Virginia Gov. Terry McAuliffe says he had broken the record for restoring voting rights to convicted felons, calling it his “proudest achievement” as governor.
And Charlie Crist is leading the cheers applauding the move.
McAuliffe boasted Thursday he had individually restored rights to 156,221 Virginians, surpassing the previous record-holder — Crist — by a nose.
As governor of Florida from 2007 to 2011, Crist restored voting rights to 155,315 felons, according to figures that McAuliffe’s office obtained from Florida.
“I applaud Governor McAuliffe’s leadership on a moral issue that goes to the heart of our democracy, the right to vote,” Crist said. “Clemency can be life changing. I thank Governor McAuliffe for his shared commitment to protecting civil rights and correcting wrongs in the criminal justice system.”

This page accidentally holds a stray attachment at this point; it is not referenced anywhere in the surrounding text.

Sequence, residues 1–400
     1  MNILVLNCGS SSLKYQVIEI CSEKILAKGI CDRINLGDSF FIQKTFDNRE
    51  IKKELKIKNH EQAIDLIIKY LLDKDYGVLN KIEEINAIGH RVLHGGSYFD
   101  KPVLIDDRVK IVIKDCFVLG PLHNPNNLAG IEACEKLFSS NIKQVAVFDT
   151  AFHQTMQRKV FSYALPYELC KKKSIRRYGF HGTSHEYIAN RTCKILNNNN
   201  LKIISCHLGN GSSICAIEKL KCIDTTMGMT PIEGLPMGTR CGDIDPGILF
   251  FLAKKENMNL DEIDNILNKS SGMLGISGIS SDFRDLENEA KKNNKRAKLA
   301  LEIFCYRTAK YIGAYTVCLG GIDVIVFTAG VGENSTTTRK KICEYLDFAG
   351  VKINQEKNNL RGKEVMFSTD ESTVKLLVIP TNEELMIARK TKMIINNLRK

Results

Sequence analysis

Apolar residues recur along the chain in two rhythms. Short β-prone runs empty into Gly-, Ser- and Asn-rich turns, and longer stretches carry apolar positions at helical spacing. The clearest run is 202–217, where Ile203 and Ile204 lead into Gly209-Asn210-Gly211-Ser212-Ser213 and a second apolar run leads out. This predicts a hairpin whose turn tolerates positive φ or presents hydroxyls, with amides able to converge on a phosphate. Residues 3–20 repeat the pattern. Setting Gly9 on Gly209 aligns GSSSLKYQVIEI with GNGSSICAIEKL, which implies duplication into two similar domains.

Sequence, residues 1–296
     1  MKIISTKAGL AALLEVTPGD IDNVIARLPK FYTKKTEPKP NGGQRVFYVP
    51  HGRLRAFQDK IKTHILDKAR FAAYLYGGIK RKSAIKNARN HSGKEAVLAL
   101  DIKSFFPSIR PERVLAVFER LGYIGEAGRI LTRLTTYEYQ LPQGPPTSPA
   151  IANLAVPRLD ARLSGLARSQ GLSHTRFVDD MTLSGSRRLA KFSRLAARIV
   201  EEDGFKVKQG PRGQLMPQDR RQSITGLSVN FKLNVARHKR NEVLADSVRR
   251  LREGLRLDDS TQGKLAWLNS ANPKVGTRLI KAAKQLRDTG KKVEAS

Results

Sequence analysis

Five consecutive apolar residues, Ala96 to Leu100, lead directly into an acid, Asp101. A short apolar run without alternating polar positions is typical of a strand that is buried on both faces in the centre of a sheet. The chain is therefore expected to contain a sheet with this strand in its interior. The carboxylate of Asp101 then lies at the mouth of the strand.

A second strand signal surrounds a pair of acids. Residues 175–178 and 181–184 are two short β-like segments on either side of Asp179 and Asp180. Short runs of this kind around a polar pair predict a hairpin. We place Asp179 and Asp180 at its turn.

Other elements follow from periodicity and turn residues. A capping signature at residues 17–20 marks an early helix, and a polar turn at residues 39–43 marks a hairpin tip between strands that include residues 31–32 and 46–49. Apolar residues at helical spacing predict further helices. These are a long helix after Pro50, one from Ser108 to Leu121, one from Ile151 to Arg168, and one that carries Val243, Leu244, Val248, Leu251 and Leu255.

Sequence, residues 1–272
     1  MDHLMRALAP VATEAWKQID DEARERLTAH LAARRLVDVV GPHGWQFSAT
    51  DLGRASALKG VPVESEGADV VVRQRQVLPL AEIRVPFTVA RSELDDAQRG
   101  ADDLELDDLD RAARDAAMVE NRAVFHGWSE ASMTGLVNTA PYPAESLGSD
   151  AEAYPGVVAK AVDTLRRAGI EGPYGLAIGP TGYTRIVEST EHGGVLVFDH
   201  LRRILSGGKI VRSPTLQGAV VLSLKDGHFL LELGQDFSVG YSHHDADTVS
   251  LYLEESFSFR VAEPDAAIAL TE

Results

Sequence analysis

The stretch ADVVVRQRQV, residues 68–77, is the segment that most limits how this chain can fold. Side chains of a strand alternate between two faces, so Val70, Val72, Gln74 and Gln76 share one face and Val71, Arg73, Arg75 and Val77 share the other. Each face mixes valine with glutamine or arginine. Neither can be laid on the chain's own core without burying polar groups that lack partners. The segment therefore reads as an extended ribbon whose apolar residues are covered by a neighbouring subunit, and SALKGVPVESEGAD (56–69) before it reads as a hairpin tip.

“I hope more Chief Executives follow his inspirational lead,” he added.
Meanwhile, the Florida Supreme Court approved language last week of a proposed state ballot initiative which would restore voting rights to nonviolent ex-felons.
Desmond Meade, the head of the Florida Rights Restoration Coalition, said his group had collected 75,000 signatures to ensure a court hearing. He’ll need another 700,000 by early next year to qualify to get the measure on the 2018 ballot.
Florida is one of just three states that permanently bars ex-felons from voting unless they get clemency.
“Expanding democracy in Virginia has been my proudest achievement during my time as Governor,” McAuliffe said in a written statement. “Over the course of the last year, I have had the privilege to meet with many of the men and women affected by this order, and their stories inspired us as we continued this fight against the hostile opponents of progress.”